Thank you so much for your reply. The number of private email replies I got
rather overwhelmed me and as such I didn't get back to the group in my usual
To update, I have purchased the PCM-D50, realizing that I really don't care how
much this costs, but ruggedness is a factor.
That said, as requested below, my first and most important use will be to
record one hour or more of waves / surf at a california beach with 30mph winds
gusting to 50mph.
I will have the unit on a sand compatible tripod (legs buried) and would like
to record the EXPERIENCE of being there. While not necessarily suggesting a
binaural setup, I would like to play it back later and be fairly able to close
my eyes and be there again.
If I was able to pack the whole setup (excluding tripod) into an average sized
backback, that would be "portable" for me.
Spending ANOTHER $300-500 on microphones seems reasonable to me. I can
appreciate that it might seem absurd to drop so much in advance, but I would
rather take the risk of spending too much money than take the risk of getting a
lower quality recording during a once in a lifetime trip.
I am using Shure E5C's as my listening method, so I suppose anything they can't
play, I don't care about, when it comes to quality :)
--- In Rob Danielson <> wrote:
> At 2:55 AM +0000 6/17/09, brucethehoon wrote:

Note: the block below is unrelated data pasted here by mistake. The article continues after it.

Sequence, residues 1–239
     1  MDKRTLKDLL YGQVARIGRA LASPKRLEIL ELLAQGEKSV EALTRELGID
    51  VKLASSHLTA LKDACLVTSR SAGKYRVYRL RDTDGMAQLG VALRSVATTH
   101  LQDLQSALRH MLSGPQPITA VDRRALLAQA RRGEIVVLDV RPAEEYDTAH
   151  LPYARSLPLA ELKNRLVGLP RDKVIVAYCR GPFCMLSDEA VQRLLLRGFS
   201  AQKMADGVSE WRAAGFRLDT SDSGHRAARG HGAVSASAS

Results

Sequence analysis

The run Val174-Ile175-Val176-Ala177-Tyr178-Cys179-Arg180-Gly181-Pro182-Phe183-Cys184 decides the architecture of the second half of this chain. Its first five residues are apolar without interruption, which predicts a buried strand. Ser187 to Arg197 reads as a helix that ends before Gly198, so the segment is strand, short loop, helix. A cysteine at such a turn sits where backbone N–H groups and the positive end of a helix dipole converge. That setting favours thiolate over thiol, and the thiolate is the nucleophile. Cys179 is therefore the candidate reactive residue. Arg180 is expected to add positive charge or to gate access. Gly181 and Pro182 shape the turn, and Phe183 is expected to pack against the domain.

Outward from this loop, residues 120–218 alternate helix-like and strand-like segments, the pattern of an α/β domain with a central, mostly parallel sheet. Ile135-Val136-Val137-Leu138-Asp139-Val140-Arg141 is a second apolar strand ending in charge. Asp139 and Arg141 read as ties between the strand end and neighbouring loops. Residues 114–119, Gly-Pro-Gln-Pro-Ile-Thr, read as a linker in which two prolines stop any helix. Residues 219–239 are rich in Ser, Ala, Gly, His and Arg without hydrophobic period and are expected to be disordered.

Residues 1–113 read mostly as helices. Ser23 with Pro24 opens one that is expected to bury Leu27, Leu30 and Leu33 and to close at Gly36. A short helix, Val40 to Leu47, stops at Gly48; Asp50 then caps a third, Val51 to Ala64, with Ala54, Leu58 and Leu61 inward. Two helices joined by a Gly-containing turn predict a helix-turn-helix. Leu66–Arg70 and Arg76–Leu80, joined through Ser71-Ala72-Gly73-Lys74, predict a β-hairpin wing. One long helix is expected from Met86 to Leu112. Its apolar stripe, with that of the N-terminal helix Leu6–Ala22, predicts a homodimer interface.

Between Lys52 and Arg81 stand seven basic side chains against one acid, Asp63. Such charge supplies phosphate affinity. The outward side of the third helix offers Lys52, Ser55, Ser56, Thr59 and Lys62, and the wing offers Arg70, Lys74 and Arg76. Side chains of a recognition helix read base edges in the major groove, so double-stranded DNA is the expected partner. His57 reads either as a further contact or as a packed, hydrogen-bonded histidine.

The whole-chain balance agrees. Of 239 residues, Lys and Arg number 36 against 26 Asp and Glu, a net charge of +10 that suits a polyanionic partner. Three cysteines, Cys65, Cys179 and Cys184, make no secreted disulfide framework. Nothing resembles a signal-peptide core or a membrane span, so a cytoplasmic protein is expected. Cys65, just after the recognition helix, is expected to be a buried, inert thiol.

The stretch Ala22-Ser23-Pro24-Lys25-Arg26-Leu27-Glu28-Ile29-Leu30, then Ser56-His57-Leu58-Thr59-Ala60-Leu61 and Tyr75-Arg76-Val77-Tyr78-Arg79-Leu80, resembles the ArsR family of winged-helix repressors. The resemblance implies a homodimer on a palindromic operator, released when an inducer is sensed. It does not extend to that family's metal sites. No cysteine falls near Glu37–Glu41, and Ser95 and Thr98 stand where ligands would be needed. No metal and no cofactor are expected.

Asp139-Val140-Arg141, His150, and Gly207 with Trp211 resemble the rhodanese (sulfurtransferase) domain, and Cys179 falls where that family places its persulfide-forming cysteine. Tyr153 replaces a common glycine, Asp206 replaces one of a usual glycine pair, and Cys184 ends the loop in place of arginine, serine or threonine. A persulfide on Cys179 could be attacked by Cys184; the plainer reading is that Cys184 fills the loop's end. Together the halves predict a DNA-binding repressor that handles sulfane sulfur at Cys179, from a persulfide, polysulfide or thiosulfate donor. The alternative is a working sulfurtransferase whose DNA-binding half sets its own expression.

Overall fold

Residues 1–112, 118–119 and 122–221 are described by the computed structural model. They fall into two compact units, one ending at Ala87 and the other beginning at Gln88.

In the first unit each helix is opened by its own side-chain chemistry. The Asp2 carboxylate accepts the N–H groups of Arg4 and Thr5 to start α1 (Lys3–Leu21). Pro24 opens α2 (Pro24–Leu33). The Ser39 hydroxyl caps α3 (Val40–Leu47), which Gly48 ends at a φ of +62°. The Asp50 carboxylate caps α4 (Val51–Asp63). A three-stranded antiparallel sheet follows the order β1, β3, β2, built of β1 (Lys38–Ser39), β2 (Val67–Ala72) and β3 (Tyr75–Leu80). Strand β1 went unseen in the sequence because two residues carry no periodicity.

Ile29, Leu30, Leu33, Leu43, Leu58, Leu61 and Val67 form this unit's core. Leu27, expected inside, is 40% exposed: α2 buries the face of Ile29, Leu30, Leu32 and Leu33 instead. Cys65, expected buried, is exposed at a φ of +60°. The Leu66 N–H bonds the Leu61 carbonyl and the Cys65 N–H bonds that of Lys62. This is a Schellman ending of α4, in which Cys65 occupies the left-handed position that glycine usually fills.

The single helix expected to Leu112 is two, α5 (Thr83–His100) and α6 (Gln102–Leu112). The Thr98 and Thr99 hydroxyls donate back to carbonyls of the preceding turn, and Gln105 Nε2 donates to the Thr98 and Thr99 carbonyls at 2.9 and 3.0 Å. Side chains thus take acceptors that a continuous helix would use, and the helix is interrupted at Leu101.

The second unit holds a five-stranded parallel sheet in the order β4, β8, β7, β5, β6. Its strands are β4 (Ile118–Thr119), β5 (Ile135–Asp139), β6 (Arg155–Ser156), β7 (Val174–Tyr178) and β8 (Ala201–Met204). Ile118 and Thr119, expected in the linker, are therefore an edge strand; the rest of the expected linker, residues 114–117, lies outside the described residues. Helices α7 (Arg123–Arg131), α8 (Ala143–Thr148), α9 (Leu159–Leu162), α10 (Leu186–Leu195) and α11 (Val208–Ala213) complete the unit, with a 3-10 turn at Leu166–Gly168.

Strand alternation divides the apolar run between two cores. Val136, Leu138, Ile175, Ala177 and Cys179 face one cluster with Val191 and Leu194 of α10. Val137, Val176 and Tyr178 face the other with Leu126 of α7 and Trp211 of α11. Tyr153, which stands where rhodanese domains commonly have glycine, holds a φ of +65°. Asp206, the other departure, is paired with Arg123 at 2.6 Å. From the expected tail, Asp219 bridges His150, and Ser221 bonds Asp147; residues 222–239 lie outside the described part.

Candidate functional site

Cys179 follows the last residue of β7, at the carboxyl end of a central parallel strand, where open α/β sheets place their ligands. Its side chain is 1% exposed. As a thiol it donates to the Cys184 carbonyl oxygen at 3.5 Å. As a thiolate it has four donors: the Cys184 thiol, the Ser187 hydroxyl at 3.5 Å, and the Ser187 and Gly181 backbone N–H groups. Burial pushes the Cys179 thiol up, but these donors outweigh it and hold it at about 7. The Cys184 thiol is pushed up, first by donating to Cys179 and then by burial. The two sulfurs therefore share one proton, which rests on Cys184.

> >...what my options are for high quality audio recording... if I will
> >need an external microphone for it... I'm expecting to pay around
> >$600 for a reasonable setup....
> Hi Bruce--
> I'd suggest figuring-out your micing preference first. Recorder
> choice will have a lot less bearing on quality, especially with a
> $600 total budget.
> If by "high quality" would you like to be able to acquire wide,
> stereo imaging of events like distant animal sounds in quiet,
> natural, locations, room conversations and other delicate sounds
> without a considerable amount of mic self-noise (which sounds like an
> obscuring hiss)? If so, the internal mics of any recorder is not
> going to help much in reaching these goals. If you want to mostly
> record dictation, close-mic'd voice and robust sources like music,
> you can use the internal mics with much less of a quality "hit." (The
> stereo imaging is usually better when you mic the sources very close
> with built-in mic arrays). A rule of thumb is, if you typically need
> to turn up the record gain above 3/4's on the recorder's scale to get
> sufficient record levels for subjects, your sound files will show a
> significant reduction in noise by using mics with low self-noise.
> Self-noise ratings are usually supplied by mic manufacturers. A
> rating of 16dB(A) or lower is a popular reference point where better
> noise performance starts. Here's a chart that can be useful:
> For reference, the built-in mics in the hand-held recorders seem to
> be on the order of 22dB(A) self-noise or greater.
> Before we recordists suggest some mics to consider, can you tell us
> about your mic mounting preferences? For example, are you interested
> in a mic rig that is "low-profile"-- that you can wear on your body
> or hold in your hands very easily? Would you be willing to use a
> larger set of mics that are easier to accommodate on a small stand?
> Do you _mostly_ want to be able to record "on the run" or do you want
> document acoustic "spaces" and contained events over time?
> >My experience in audio is minimal but as a software developer I
> >think I might have a bit of an edge at least in understanding the
> That's great. What kind of software developing?
> Rob D.